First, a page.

Apple just dropped its first public beta builds of iOS 13 and iPadOS, making it easy for anyone to try them out months ahead of their official launch. But you should really resist the urge to install them right now.
Don’t assume these betas are ready for everyone just because they’re available to the public now. If you upgrade your primary iPhone and iPad early, you’re almost certainly going to run into frustrating problems.
I’ve suffered all kinds of issues since upgrading — and I’m not the only one.
We know it’s hard to fight the temptation of updating your iOS devices early. iOS 13 and iPadOS are packed full of big improvements and new features that none of us can wait to get our hands on.
But if you want your first taste of those changes to be a good experience, you should wait.
iOS 13 and iPadOS aren’t ready for everyone
Apple previewed iOS 13 and iPadOS just three weeks ago, so the betas available right now are incredibly early builds. They need to go through a lot of polish before they’re ready to replace iOS 12.
Apple’s focus this early on is to implement the biggest changes and improvements. It needs to get everything out of the door so that iOS developers can get their hands on it and start building.
Almost all of the new features previewed at WWDC are present in these releases, then. But ironing out the kinks that so many major changes have caused hasn’t happened yet.
Prepare for problems
That means iOS 13 and iPadOS are incredibly unstable in their current form. They’ll crash. They’ll stutter. They won’t play nicely with your apps. And they come with all kinds of annoying issues you can’t fix yourself.
I’ve been running iPadOS on my 2018 iPad Pro since the first developer beta rolled out after WWDC. I upgraded partly because my job is to write about the changes it brings — but also because, like most people, I couldn’t wait.
I’m starting to regret that decision now. Battery life on my iPad isn’t as good as it should be. I experience constant restarts if I do too much too fast. Shortcuts are broken. And so many of my apps aren’t working properly.
I’ve suffered similar problems since installing the iOS 13 public beta on my iPhone XS on Monday.
I’m not the only one
I’m not just unlucky. These problems are common right now, and almost everyone who has upgraded early is experiencing them. You only have to search for “iOS 13” or “iPadOS” on Twitter for proof of that.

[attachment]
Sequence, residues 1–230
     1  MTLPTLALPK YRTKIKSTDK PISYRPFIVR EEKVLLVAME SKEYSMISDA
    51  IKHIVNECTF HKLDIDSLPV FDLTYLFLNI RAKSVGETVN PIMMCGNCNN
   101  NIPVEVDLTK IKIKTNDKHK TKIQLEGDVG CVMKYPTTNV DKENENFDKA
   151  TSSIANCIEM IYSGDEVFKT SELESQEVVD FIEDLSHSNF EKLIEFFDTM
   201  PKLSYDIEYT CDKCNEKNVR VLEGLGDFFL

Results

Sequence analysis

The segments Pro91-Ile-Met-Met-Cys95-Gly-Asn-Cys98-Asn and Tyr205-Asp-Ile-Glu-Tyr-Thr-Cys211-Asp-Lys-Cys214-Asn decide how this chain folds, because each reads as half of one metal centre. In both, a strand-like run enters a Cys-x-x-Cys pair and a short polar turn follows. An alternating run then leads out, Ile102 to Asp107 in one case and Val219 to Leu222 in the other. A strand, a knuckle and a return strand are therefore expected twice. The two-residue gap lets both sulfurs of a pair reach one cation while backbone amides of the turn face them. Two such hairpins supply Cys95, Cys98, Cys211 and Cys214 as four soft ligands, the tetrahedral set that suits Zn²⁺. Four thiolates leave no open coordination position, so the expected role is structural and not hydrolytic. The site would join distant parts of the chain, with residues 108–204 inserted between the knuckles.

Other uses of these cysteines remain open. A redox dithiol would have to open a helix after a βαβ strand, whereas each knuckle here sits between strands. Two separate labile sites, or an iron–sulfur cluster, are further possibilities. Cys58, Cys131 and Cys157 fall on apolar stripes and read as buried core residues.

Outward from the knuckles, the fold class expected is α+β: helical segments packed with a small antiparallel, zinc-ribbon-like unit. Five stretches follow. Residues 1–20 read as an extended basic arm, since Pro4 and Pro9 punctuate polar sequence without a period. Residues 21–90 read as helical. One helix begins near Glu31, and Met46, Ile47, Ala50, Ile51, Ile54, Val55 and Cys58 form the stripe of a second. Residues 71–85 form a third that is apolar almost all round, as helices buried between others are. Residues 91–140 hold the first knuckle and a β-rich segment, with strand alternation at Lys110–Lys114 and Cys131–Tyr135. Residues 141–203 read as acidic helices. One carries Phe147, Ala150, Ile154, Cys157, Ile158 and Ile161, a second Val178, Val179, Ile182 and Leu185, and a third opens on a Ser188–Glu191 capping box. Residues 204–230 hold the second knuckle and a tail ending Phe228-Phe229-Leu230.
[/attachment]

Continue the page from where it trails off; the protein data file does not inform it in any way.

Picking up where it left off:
Just a reminder that the iOS 13 public beta released today is the same build as iOS 13 developer beta 2, which is supper buggy, especially with AirPods and AirPlay-related things. DO NOT install it.
— Guilherme Rambo (@_inside) June 24, 2019
Installed this ios 13 beta for dark mode. But jeez this thing buggy
— G (@PharaohIfficial) June 20, 2019
iOS 13 feels like a major rewrite of apps, something along the lines of iOS7 because they are mostly buggy, feel incomplete and everything is breaking. Wonder how much swiftui is there on these apps if any.
— Gilbert Corrales (@samiq) June 20, 2019
And I can confirm that iPadOS 13, when it's out of beta, is going to be *very* good. It's buggy as all hell right now, though.
— His Grace, The Duke of Fall (@valthonis) June 20, 2019
Other users have reported problems using AirPods, broken Camera and Photos apps, autocorrect issues, and terrible battery life.
You don’t have to wait until September
I’m certainly not complaining about the problems in iOS 13 and iPadOS. I’ve been testing Apple’s betas for long enough to know that they’re not going to be stable this early, and I prepared myself for that before updating.
What I am trying to do is highlight just how unstable they are as things stand. I’m hoping to dissuade you from upgrading your primary devices too early and enduring a horrible experience.
don't install iOS 13 beta on your daily driver iPhone, too many bugs. Wait until GM
— Gordon Swaby (@Gordonswaby) June 25, 2019
That being said, I’ve had bugs and crashes and weirdness on iOS 13 and iPadOS public betas, like what usually happens with betas. Do not install on a primary device. (Unless you’re ready for that and have made backups.)
— Scott Stein (@jetscott) June 24, 2019
I’m not saying you should wait until September to upgrade, either. With every beta release, Apple will roll out bug fixes and performance improvements that will make iOS 13 and iPadOS more stable. But they need more time to bake.
If you have spare devices lying around, then by all means update those and try out what’s new. But if you have only one iPhone and one iPad — and you rely on them every day — wait for future, more stable betas.